From A Pauper To A President
If you like Horatio Alger stories, Englewood’s Robert J. (“Bob”) Turner is a classic for you. He was born in 1940, when the Great Depression was still ravishing the world’s economies, and Germany and Japan were devastating Europe and the Far East. His mom and dad, Wilhelmina and John Turner, both worked in the silk mills of Paterson, N.J., a city where some neighborhoods were among the toughest in the country. Money was scarce and jobs hard to
“I guess I wasn’t supposed to happen,” Bob says. That’s a pretty good guess: John Turner was 50 and Wilhelmina 40 when Bob made his earthly appearance. His brother John was 22, sister Carrie 20, sister Alice 15. By the time he was 10, his father had died and his older siblings were all married and had children. “I got to play with my nephews and nieces, who were about the same age I was,” he remembers.
“We didn’t have a family car back then. We were on the poor side, so I had a job in high school, picking up trash at Meyer Brothers department store.” There was no time for sports or other after-school activities. But he had ambitions. “I had a strong desire to make money. I thought I would become a retired millionaire,” he recalls. “When you’re at the bottom of the ladder, it’s a lot easier to climb up.” Well, he had a lot of climbing to do. And he hit a roadblock right off the bat.
“I went to Fairleigh Dickinson University for a semester, but I came down with pneumonia that first year,” he says. That and a lack of money for tuition ended his college plans. He got a job as a shoe salesman, not exactly a step in the direction he wanted. But from his cousin he learned of an opening for a salesman at Metropolitan Life Insurance Company. They were looking for someone at least 25 years old and married. He was 19 and not yet married to his high school sweetheart, Lorna. He got the job anyway, and he was the youngest agent in the firm.
His territory was Bergen County, a well-to-do region close to New York City, and he did well. “At that time Met Life was only offering life insurance,” he says, “and I began to think that people would be better off with term insurance, mutual funds and home & auto insurance. I did a lot of reading, and after a few years, I thought they were doing it wrong at Met Life, so I got my property & casualty license and my mutual funds license, and in 1966 I went into business on my own.”
He started with an office in his garage. “Lorna was a registered nurse, but she helped me with clerical stuff at the beginning,” he says. Originally he was selling to friends and neighbors, small mom & pop businesses and referrals. But soon he was selling to bigger businesses, entering into joint ventures, and buying up smaller insurance agencies—offering them a somewhat sweeter deal than the typical buyout offer. As an insurance broker, he could represent any insurance company, and he did work with several. “As we grew,” he notes, “I didn’t have to go to them. They came to me.” He incorporated the business as The Turner Group, Inc., named himself its president, and wisely held all the stock in his growing company.
And grow it did. When Bob sold the company in 2002, it was headquartered in Parsippany, N.J. There were seven offices in that state and Pennsylvania, over 220 employees, and bookings of more than $100 million in premiums annually. “It was one of the top 150 insurance agencies in the U.S.,” he reckons. And he still held all the shares. He had gone from pauper to president and could fulfill his youthful fantasy of becoming a retired millionaire. In his business he and Lorna had traveled widely—much of it on “incentive” trips the major insurance firms offered to their most successful agents and associates—to such places as Hawaii, China, the Caribbean, Spain, Ireland, Monaco and France. What more could there be to do?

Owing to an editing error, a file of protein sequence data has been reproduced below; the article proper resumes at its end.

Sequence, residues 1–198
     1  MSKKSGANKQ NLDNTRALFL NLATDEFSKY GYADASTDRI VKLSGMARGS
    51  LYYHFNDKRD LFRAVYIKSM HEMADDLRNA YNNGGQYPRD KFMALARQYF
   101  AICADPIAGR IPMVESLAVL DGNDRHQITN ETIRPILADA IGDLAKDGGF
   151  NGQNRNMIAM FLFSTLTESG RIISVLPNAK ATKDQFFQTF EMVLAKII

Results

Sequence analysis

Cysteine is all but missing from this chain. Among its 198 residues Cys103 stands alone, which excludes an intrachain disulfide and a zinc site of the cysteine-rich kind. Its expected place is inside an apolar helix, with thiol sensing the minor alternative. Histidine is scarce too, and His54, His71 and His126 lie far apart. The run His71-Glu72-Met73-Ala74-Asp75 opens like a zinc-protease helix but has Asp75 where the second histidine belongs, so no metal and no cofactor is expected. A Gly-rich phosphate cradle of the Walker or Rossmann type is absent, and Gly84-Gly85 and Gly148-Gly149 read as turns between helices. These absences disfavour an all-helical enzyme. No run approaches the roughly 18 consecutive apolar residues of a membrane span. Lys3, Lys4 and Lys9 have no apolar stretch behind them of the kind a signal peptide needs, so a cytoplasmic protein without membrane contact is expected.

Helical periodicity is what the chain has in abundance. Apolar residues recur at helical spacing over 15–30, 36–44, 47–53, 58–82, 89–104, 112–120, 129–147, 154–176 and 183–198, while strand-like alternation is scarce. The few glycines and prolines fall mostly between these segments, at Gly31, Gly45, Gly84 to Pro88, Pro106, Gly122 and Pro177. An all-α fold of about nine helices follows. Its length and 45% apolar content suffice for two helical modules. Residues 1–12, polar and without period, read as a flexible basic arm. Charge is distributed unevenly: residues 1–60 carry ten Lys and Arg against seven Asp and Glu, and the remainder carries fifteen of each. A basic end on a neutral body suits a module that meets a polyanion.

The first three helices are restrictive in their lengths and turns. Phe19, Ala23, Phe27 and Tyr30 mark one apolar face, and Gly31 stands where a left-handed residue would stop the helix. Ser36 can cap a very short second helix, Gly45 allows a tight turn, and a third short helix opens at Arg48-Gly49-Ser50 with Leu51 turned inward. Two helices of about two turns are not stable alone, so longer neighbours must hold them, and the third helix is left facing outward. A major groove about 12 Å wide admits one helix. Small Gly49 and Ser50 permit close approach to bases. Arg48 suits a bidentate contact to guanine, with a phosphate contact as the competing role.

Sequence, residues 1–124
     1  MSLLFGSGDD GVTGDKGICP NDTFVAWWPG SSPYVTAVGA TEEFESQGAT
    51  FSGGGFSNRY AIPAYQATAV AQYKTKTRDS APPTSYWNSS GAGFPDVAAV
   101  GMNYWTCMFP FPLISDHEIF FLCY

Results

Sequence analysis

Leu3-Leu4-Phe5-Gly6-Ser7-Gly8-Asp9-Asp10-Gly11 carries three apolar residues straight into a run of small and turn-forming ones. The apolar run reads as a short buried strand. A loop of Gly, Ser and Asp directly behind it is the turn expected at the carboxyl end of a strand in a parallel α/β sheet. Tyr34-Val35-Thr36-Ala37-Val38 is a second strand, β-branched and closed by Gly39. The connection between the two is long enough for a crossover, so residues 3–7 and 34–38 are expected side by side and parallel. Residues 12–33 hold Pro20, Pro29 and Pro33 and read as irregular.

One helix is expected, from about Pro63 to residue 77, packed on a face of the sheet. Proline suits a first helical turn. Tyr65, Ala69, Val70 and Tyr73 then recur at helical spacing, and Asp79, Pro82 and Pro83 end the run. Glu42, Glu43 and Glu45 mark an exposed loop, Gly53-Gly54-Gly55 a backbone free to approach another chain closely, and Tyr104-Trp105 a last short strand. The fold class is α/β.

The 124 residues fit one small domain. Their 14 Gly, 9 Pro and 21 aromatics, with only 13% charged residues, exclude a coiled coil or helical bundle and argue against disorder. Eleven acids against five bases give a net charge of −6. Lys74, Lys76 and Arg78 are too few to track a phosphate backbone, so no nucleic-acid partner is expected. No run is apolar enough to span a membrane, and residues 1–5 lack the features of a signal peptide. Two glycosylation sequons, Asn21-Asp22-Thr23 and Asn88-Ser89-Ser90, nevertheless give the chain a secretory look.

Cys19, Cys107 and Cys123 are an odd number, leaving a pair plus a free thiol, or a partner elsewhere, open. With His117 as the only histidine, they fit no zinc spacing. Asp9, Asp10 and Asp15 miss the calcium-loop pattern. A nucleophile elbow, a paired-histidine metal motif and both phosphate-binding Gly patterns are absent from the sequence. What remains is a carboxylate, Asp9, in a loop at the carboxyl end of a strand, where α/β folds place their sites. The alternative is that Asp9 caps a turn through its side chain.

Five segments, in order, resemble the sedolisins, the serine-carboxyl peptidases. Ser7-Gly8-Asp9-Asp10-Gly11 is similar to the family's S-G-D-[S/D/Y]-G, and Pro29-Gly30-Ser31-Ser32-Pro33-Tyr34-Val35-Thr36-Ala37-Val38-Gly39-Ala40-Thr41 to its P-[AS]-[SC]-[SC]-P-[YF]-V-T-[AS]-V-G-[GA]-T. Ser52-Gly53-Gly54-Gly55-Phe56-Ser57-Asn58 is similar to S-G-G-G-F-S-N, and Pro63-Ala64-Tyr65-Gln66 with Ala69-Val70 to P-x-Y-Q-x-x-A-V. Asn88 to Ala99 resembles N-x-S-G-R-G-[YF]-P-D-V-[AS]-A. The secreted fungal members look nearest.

Well, there was another facet to Bob’s business career. In 1985, Lorna’s uncle had invited him to become the final, needed investor/shareholder in a start-up private financial institution, the Atlantic Stewardship Bank, which would tithe a portion of its earnings to churches and worthy civic organizations annually. “I agreed to do it back then,” he acknowledges, “on the condition that I’d be named a permanent member of the firm’s board … and my company would write all their insurance business.” The deal was sealed, and Bob would stay on the board for 30 years, eventually becoming one of the bank’s largest stockholders.
With their three children (Scott, Wayne and Robert) grown and established in their careers, Bob and Lorna looked for their retirement haven. They already owned a spacious summer estate in Vermont, but they wanted a place in Florida where it was warm and they could take up golf. “We were avid tennis players, but we figured golf would be our sport as we got older. We looked at a lot of places, but once we saw Boca Royale in Englewood, we kept coming back to see more. It looked more like Bermuda than any other place we’ve ever been.” They had a house built there in 2004, and they’ve been here ever since. “It’s the best move we’ve ever made,” Bob says. “It’s the friendliest community. You make more friends in six months here than you’ll make anywhere else in the rest of your life.”
Bob retired from the bank’s board at age 75 in 2015, and the bank was sold in 2019. Looking back on his career, he started lower and finished higher in achieving his ambitions than most folks, and he had Lorna, the love of his life, to share it with. “We were blessed, and very fortunate,” he avers. Perhaps so, but there’s a saying that fortune favors the prepared mind. And Bob Turner had a prepared mind.
Dean Laux is exploring interesting folks living in our community. If you know of anyone with an interesting background please send an email to: firstname.lastname@example.org. Include the person’s name, contact info and give a brief description of the person’s background.